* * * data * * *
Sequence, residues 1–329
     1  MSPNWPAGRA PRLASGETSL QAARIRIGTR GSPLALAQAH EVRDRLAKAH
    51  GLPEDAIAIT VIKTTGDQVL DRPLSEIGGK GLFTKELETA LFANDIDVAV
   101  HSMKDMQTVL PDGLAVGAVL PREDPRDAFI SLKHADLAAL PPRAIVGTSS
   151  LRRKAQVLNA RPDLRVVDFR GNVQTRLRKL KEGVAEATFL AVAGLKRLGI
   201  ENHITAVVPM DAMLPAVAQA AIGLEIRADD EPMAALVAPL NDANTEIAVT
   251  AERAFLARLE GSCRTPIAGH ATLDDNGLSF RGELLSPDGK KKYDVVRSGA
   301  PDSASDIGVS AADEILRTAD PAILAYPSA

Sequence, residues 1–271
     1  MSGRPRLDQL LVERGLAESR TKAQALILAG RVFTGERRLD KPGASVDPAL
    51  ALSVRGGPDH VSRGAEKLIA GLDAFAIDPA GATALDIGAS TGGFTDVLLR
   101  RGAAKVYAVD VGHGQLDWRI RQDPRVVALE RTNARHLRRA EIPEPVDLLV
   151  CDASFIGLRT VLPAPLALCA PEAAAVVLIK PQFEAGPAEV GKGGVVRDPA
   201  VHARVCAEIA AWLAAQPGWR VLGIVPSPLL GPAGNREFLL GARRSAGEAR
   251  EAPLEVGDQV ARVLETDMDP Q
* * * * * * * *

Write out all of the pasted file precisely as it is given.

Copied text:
Sequence, residues 1–329
     1  MSPNWPAGRA PRLASGETSL QAARIRIGTR GSPLALAQAH EVRDRLAKAH
    51  GLPEDAIAIT VIKTTGDQVL DRPLSEIGGK GLFTKELETA LFANDIDVAV
   101  HSMKDMQTVL PDGLAVGAVL PREDPRDAFI SLKHADLAAL PPRAIVGTSS
   151  LRRKAQVLNA RPDLRVVDFR GNVQTRLRKL KEGVAEATFL AVAGLKRLGI
   201  ENHITAVVPM DAMLPAVAQA AIGLEIRADD EPMAALVAPL NDANTEIAVT
   251  AERAFLARLE GSCRTPIAGH ATLDDNGLSF RGELLSPDGK KKYDVVRSGA
   301  PDSASDIGVS AADEILRTAD PAILAYPSA

Sequence, residues 1–271
     1  MSGRPRLDQL LVERGLAESR TKAQALILAG RVFTGERRLD KPGASVDPAL
    51  ALSVRGGPDH VSRGAEKLIA GLDAFAIDPA GATALDIGAS TGGFTDVLLR
   101  RGAAKVYAVD VGHGQLDWRI RQDPRVVALE RTNARHLRRA EIPEPVDLLV
   151  CDASFIGLRT VLPAPLALCA PEAAAVVLIK PQFEAGPAEV GKGGVVRDPA
   201  VHARVCAEIA AWLAAQPGWR VLGIVPSPLL GPAGNREFLL GARRSAGEAR
   251  EAPLEVGDQV ARVLETDMDP Q